HTC Corp. (2498), facing a record drop in sales, needs to “kill bureaucracy” and improve communication after changing market conditions allowed competitors to gain share, Chief Executive Officer Peter Chou told employees.
“We have people in meeting and talking all the time but without decision, strategic direction or sense of urgency,” Chou wrote to HTC’s workers, Chairwoman Cher Wang and the board of directors in an e-mail obtained by Bloomberg News. “Bureaucracy crept in without clear ownership. We agreed to do something but we either didn’t do it or executed it loosely.”
Sally Julien, a spokeswoman for HTC, confirmed the e-mail.
HTC, the Taoyuan, Taiwan-based maker of Desire, Sensation and One smartphones, forecast revenue this quarter as much as 20 percent less than analysts’ estimates as competition from Apple Inc. (AAPL) and Samsung Electronics Co. halved its global share. Declining sales and profitability have prompted HTC to close offices and cut jobs to reduce costs.
“We are disappointed that our sales are down while smartphone market share is growing,” Chou wrote in the Aug. 9 e-mail titled “we are coming back.”
“Our competitors can leverage their scale, brand awareness and big marketing budget to do things which HTC could not do,” Chou wrote. “The fast growth from the last two years has slowed us down.”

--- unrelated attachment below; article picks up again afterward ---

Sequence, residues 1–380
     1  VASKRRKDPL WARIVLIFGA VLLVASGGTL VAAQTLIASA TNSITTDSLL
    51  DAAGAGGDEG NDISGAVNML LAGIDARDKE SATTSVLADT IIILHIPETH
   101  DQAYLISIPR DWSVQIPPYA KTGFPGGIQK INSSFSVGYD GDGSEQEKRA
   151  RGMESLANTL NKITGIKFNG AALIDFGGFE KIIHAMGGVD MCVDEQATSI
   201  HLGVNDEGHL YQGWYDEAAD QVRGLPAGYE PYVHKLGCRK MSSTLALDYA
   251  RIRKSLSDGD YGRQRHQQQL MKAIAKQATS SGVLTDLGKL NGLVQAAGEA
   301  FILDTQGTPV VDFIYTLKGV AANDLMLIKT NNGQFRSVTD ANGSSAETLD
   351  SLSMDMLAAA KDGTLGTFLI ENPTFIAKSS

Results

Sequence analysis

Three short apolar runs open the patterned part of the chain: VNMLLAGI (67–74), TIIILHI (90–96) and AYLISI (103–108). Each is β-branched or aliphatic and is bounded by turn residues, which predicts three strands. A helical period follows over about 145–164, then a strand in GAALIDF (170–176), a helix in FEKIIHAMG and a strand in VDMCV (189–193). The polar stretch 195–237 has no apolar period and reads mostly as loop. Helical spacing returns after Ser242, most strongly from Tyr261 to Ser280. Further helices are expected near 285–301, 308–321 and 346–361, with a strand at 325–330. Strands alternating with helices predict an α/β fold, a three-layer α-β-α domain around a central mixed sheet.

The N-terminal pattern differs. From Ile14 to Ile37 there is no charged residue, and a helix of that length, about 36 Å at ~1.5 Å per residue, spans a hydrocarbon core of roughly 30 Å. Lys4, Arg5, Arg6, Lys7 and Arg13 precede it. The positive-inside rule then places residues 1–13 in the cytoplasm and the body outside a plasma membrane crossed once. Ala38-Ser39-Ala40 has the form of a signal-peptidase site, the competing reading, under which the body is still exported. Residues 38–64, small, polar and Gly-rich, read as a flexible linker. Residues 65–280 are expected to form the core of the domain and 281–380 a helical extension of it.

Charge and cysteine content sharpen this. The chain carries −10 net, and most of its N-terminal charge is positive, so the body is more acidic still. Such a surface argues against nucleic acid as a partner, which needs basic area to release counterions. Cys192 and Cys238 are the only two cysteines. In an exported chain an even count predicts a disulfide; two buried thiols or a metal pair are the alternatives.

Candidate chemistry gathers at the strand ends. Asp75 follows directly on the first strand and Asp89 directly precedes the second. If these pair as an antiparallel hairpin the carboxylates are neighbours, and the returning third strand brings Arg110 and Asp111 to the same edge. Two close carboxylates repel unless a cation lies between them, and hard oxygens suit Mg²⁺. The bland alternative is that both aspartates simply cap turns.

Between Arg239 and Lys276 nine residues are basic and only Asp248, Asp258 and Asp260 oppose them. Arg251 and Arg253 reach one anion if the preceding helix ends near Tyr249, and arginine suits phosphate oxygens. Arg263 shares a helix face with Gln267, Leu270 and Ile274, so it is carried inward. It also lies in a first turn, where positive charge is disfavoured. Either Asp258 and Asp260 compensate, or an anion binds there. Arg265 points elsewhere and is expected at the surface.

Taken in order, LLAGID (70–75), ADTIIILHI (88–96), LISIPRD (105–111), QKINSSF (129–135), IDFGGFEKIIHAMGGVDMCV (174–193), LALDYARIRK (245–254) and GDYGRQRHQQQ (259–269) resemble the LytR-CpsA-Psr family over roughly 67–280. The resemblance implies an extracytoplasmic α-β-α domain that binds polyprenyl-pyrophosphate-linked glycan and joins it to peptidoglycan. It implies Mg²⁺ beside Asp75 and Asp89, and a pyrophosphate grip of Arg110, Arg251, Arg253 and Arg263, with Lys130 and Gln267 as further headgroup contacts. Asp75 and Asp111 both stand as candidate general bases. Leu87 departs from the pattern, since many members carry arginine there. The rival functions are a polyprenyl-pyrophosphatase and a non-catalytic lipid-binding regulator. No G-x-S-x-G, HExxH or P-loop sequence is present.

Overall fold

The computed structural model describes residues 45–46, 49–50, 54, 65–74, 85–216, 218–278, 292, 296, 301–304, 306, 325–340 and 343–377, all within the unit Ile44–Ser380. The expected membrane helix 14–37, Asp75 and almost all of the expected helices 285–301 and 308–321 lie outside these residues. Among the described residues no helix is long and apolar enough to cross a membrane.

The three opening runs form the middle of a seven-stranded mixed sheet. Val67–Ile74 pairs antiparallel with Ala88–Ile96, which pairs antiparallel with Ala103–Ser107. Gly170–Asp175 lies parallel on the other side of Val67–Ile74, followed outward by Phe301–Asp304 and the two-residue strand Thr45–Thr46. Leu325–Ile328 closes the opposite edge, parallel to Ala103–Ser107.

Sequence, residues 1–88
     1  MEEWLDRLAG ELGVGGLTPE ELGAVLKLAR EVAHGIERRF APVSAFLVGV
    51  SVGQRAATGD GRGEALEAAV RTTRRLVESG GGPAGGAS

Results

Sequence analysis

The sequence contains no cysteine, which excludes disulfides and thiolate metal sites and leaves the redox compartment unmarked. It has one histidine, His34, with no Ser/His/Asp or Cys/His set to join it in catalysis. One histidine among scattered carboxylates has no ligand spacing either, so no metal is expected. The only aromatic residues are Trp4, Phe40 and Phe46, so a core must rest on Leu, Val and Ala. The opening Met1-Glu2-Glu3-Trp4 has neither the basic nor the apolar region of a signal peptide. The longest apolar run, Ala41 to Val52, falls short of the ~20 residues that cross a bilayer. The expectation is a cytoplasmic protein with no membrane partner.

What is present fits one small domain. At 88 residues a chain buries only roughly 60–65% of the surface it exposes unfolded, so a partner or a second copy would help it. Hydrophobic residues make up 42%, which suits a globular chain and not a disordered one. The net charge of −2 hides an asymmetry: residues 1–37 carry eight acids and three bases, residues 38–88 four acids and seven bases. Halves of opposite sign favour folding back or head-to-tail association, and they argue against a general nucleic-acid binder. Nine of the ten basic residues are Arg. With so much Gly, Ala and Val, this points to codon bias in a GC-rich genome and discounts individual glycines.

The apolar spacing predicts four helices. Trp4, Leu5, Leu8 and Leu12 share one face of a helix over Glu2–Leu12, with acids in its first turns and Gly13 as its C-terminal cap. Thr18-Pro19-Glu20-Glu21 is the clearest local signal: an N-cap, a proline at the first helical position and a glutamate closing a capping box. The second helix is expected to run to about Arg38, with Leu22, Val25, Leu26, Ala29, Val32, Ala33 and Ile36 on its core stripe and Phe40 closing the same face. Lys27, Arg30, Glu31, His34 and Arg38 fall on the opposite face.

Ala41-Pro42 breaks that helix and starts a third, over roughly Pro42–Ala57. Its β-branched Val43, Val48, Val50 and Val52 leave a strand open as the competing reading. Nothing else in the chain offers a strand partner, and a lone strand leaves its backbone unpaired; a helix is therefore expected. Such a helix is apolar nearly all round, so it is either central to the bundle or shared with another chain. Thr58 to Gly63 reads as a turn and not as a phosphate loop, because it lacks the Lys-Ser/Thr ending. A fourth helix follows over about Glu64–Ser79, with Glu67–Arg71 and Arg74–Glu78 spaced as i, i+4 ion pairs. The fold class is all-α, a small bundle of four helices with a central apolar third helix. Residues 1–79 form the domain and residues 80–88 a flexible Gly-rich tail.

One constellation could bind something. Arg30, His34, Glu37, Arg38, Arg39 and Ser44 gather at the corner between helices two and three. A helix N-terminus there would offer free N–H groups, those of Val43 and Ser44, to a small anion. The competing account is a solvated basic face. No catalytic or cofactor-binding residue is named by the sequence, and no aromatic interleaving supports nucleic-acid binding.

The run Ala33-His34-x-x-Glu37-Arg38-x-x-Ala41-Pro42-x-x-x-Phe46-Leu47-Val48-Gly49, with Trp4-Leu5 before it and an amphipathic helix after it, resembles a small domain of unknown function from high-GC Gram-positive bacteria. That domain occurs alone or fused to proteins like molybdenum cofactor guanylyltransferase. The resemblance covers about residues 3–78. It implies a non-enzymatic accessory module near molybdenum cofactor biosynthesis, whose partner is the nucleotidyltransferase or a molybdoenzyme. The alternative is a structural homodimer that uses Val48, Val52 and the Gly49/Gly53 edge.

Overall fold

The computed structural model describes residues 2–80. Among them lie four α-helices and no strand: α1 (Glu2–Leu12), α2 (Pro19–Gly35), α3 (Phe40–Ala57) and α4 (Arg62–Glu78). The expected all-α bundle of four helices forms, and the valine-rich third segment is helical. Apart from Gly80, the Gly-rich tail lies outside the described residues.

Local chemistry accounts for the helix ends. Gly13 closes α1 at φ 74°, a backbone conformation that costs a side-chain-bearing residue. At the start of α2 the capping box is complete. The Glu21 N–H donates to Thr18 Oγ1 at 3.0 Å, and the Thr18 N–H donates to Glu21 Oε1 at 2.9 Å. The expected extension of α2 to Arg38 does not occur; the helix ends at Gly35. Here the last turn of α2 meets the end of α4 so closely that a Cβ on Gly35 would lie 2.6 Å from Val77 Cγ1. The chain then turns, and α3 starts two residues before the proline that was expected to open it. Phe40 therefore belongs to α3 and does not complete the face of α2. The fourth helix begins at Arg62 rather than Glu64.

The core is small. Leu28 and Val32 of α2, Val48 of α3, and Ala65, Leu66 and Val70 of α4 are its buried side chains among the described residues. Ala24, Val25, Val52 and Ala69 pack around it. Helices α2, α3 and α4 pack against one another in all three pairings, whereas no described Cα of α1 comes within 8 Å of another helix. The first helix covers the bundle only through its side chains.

Revenue surged 67 percent last year after jumping 93 percent in 2010, according to data compiled by Bloomberg. That figure dropped 31 percent in the first half of this year.
HTC shares lost 4.1 percent to close at NT$243.50 in Taipei today, taking its decline this year to 51 percent after dropping 42 percent last year. Revenue this quarter will be NT$70 billion ($2.3 billion) to NT$80 billion, it said Aug. 3, missing the NT$87 billion average of 10 analysts’ estimates compiled by Bloomberg in the 28 days prior to the announcement.
Chou, 55, said the company needs to build on its culture, “committed” employees and customer relationships.
“Don’t let the processes, rules and norms to impact our important goals,” he wrote. “Of course we have to follow certain rules and criteria but don’t let small things kill the major goals.”
“The industry’s best rating” for HTC’s One X handset is evidence the company has the best products, Chou wrote. There are also strong products in the pipeline for this year and early next year, Chou wrote without naming them.
HTC’s share of the global smartphone market dropped to 4.5 percent in the first quarter from a peak of 10.7 percent in the second quarter of last year, according to data compiled by Bloomberg Industries. Its sales have missed analyst estimates for the last four quarters, Bloomberg data show.
Chou said workers have every reason to remain confident and should not be “influenced by noises from market and industry” because the company is “just having short-term challenges.”
“Please make sure that we kill bureaucracy,” he wrote. “Stay firm with the hero innovations and make them even bigger and deliver them.”
To contact the reporter on this story: Tim Culpan in Taipei at email@example.com.